Wow, what a blur of a day. I’ve been working on CRUD apps pretty much nonstop the past couple of days. I’m excited that I seem to be making some progress, and I always enjoy seeing actual projects getting pieced together. It’s the best way for me to really assess what I’ve accomplished.
We started the day off looking at rails validations, errors, and flash. Validations are ways to ensure that users don’t submit forms without filling out required fields. Flash are messages that let the user know what is happening (i.e. if they’ve created a new record). When it comes to errors, there are ways to handle the messages so that users don’t see the all-too-familiar rails red error views.
Later we started our lab which is a Game of Thrones-themed CRUD app. I had fun styling mine and finding images to use for the different characters and houses. I also stayed at GA pretty late getting the app up and running. Tomorrow I’ll have a chance to work on the bonuses and get started on the homework for the week – which is yet another CRUD app. And then at the end of the week, we’ll start our CRUD project. So much CRUD.
Today was another Ruby on Rails day, and I found myself feeling a bit of a low about my coding. Although I understood a chunk of what we covered with CRUD, I decided to start brainstorming ideas for my next project and found myself doubting myself. I wondered, would I actually be able to pull off a good project?
Other graduates of the program have told me that it’s perfectly normal to feel these highs and lows. Some days you feel like you’re really mastering everything while other days you have no idea what you’re doing. The trick is to power through those days when you’re feeling down about your coding, because soon enough you’ll feel good about it again.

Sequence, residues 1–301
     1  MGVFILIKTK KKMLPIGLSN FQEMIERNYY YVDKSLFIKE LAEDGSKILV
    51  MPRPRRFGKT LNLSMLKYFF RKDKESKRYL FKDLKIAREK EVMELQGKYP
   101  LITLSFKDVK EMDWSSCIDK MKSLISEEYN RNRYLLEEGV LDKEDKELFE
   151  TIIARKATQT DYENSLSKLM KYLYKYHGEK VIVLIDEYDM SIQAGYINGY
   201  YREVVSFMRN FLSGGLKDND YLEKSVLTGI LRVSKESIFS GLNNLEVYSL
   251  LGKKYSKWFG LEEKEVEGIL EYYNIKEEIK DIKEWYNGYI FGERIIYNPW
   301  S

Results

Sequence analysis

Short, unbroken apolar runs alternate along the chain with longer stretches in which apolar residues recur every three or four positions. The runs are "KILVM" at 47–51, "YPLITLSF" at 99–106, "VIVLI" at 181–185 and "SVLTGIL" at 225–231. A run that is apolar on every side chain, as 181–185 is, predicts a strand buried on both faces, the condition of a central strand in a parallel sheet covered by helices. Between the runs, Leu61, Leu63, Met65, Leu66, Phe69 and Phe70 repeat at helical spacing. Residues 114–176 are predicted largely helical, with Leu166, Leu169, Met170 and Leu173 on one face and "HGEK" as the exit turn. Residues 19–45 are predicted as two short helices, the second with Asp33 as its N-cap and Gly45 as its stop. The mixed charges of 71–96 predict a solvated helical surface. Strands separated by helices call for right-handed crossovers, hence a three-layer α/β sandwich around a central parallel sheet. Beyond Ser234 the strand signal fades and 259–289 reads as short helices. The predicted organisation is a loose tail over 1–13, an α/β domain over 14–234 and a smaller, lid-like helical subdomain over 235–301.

A few months ago I took a part-time course in Ruby on Rails. I liked how one of my classmates described the class like being taught Russian in Russian. It’s definitely difficult to wrap your mind around programming concepts when you haven’t had the experience or background. And today was a bit of a review for me, but at the same time, I realized how complex the concepts are and that it will definitely take a lot of repetition before I feel completely comfortable with it.
Today I took the opportunity to share a fake Rails error page that I put together while going through the frustration of working on my final project for that part-time course. My current class seemed to appreciate my sense of humor:
And after a day of Rails lectures, code-alongs, and trying to tackle a few tutorials, I feel like my head is spinning with words of controllers, models, and views. It’s making more sense, but it will take me a bit to feel more comfortable with the terminology and how to get started with setting up a rails app.